At the house of the Dilkes, in the autumn of 1818, Keats made the acquaintance of Miss Fanny Brawne, the orphan daughter of a gentleman of independent means: he was soon desperately in love with her, having 'a swooning admiration of her beauty:' towards the spring of 1819 they engaged to marry, with the prospect of a long engagement. On the night of 3 February, 1820, on returning to the house at Hampstead which he shared with Mr. Brown, the poet had his first attack, a violent one, of blood-spitting from the lungs. He rallied somewhat, but suffered a dangerous relapse in June, just prior to the publication of his final volume, containing all his best poems—Isabella, Hyperion, the Eve of St. Agnes, Lamia, and the leading Odes. His doctor ordered him off, as a last chance, to Italy; previously to this he had been staying in the house of Mrs. and Miss Brawne, who tended him affectionately. Keats was now exceedingly unhappy. His passionate love, his easily roused feelings of jealousy of Miss Brawne, and of suspicious rancour against even the most amicable and attached of his male intimates, the general indifference and the particular scorn and ridicule with which his poems had been received, his narrow means and uncertain outlook, and the prospect of an early death closing a painful and harassing illness—all preyed upon his mind with unrelenting tenacity. The worst of all was the sense of approaching and probably final separation from Fanny Brawne.

On 18 September, 1820, he left England for Italy, in company with Mr. Joseph Severn, a student of painting in the Royal Academy, who, having won the gold medal, was entitled to spend three years abroad for advancement in his art. They travelled by sea to Naples; reached that city late in October; and towards the middle of November went on to Rome. Here Keats received the most constant and kind attention from Dr. (afterwards Sir James) Clark. But all was of no avail: after continual and severe suffering, devotedly watched by Severn, he expired on 23 February, 1821. He was buried in the old Protestant Cemetery of Rome, under a little altar-tomb sculptured with a Greek lyre. His name was inscribed, along with the epitaph which he himself had composed in the bitterness of his soul, 'Here lies one whose name was writ in water.'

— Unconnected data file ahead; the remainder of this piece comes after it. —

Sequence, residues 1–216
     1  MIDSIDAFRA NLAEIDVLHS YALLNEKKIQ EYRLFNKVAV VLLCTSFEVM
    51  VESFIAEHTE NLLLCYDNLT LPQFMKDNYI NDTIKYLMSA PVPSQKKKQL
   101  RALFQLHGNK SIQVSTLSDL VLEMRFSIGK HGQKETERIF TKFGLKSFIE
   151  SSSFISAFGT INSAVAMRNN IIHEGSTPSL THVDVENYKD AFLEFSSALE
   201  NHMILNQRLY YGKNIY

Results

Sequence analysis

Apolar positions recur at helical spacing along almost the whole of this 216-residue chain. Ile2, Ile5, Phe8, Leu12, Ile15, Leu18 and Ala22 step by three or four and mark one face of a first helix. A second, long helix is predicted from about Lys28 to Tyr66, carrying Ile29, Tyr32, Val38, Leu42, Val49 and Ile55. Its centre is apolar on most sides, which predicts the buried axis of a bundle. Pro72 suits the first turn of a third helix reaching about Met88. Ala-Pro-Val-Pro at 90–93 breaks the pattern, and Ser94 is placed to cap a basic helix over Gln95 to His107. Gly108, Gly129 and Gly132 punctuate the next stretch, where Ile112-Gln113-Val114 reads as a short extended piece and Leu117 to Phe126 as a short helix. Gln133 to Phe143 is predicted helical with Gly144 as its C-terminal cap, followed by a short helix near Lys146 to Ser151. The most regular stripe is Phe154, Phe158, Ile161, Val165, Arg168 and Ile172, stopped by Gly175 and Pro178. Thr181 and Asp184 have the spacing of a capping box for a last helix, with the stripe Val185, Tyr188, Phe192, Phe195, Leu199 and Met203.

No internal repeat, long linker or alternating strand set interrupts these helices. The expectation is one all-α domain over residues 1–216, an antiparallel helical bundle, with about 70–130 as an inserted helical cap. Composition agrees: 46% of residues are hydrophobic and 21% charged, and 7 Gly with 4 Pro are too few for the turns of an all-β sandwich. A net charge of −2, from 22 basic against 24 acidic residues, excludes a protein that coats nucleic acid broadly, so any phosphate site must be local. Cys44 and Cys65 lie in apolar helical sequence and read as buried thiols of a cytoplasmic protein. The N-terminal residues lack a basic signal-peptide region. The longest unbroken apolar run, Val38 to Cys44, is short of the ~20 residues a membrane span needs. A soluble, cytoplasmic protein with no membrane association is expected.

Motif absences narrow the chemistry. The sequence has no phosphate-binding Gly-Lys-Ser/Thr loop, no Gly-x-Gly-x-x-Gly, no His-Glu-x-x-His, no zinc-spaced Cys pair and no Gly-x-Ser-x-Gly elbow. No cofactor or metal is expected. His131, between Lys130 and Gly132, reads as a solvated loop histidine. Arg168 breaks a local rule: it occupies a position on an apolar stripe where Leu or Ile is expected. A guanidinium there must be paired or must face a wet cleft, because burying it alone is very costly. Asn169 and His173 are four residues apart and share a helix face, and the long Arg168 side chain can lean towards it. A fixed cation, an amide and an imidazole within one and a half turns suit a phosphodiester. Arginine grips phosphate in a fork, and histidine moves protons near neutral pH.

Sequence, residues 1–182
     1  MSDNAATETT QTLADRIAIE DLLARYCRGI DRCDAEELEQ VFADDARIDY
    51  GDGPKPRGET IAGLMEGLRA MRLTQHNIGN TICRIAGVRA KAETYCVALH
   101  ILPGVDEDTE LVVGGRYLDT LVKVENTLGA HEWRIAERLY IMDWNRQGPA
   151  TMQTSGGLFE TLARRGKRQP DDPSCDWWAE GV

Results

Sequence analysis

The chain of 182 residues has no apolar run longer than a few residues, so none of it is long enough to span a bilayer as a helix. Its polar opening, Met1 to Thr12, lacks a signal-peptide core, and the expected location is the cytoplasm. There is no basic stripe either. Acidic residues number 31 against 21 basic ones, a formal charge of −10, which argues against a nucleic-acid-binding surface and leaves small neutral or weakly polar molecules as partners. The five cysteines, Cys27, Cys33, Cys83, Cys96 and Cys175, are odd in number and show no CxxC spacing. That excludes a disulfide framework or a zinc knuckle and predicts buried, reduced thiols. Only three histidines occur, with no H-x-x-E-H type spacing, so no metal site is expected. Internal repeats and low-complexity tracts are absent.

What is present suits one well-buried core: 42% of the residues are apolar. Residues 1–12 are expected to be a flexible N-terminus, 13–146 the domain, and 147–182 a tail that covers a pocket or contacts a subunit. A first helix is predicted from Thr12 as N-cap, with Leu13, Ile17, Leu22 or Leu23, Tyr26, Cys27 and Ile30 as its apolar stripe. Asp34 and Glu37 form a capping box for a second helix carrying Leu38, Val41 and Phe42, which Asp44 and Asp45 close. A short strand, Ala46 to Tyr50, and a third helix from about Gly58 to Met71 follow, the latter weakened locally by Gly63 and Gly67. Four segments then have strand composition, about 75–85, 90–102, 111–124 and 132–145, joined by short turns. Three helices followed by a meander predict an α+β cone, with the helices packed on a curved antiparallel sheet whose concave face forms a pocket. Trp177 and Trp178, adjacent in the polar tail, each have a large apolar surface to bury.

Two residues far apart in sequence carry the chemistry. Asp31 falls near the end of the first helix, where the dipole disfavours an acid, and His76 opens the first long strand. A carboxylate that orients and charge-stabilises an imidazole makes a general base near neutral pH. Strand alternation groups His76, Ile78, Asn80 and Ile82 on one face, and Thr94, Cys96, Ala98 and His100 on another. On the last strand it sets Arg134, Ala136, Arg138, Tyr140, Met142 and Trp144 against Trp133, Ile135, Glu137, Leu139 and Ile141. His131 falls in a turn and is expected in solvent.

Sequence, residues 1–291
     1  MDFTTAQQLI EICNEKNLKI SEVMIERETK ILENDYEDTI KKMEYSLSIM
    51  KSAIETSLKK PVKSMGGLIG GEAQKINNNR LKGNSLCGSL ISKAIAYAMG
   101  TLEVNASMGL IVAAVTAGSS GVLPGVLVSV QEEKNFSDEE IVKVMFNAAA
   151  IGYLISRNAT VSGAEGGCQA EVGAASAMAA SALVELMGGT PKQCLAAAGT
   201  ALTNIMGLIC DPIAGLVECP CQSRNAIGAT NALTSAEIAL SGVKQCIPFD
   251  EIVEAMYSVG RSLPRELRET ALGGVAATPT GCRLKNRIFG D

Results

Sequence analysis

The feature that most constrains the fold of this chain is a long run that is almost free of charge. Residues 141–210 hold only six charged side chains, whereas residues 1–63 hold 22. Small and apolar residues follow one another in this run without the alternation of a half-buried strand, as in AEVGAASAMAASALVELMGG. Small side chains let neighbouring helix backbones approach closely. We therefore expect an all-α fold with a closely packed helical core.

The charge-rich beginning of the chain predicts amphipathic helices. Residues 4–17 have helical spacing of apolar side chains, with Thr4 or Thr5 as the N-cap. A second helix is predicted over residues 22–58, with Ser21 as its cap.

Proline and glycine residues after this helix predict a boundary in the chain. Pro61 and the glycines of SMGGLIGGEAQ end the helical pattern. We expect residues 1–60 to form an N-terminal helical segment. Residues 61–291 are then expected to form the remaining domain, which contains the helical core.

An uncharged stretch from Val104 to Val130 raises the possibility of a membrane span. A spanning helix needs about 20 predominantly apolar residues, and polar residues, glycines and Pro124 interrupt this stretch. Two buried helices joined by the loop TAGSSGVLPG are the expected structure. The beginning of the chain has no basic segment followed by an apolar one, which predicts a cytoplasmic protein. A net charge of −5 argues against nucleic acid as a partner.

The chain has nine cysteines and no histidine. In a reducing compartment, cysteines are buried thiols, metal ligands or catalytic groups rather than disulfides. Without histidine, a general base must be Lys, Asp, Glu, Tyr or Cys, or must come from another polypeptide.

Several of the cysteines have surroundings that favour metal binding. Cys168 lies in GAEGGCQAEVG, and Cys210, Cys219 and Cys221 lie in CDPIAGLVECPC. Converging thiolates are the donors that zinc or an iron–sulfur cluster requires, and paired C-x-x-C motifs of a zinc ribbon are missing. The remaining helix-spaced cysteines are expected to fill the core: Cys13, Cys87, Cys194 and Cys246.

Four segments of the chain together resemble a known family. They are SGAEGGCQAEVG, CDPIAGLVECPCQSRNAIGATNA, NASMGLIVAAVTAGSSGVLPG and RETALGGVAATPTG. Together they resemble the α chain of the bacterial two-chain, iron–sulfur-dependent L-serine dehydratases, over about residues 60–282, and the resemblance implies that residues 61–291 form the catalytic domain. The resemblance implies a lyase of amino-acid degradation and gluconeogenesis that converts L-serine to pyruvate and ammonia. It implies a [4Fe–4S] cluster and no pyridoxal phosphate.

Keats was an undersized man, little more than five feet high. His face was handsome, ardent, and full of expression; the hair rich, brown, and curling; the hazel eyes 'mellow and glowing—large, dark, and sensitive.' He was framed for enjoyment; but with that acuteness of feeling which turned even enjoyment into suffering, and then again extracted a luxury out of melancholy. He had vehemence and generosity, and the frankness which belongs to these qualities, not unmingled, however, with a strong dose of suspicion. Apart from the overmastering love of his closing years, his one ambition was to be a poet. His mind was little concerned either with the severe practicalities of life, or with the abstractions of religious faith.

His poems, consisting of three successive volumes, have been already referred to here. The first volume, the Poems of 1817, is mostly of a juvenile kind, containing only scattered suggestions of rich endowment and eventual excellence. Endymion is lavish and profuse, nervous and languid, the wealth of a prodigal scattered in largesse of baubles and of gems. The last volume—comprising the Hyperion—is the work of a noble poetic artist, powerful and brilliant both in imagination and in expression. Of the writings published since their author's death, the only one of first-rate excellence is the fragmentary Eve of St. Mark. There is also the drama of Otho the Great, written in co-operation with Armitage Brown; and in Keats's letters many admirable thoughts are admirably worded.

As to the relations between Shelley and Keats, I have to refer back to the preceding memoir of Shelley.

Contributed by Rossetti, William Michael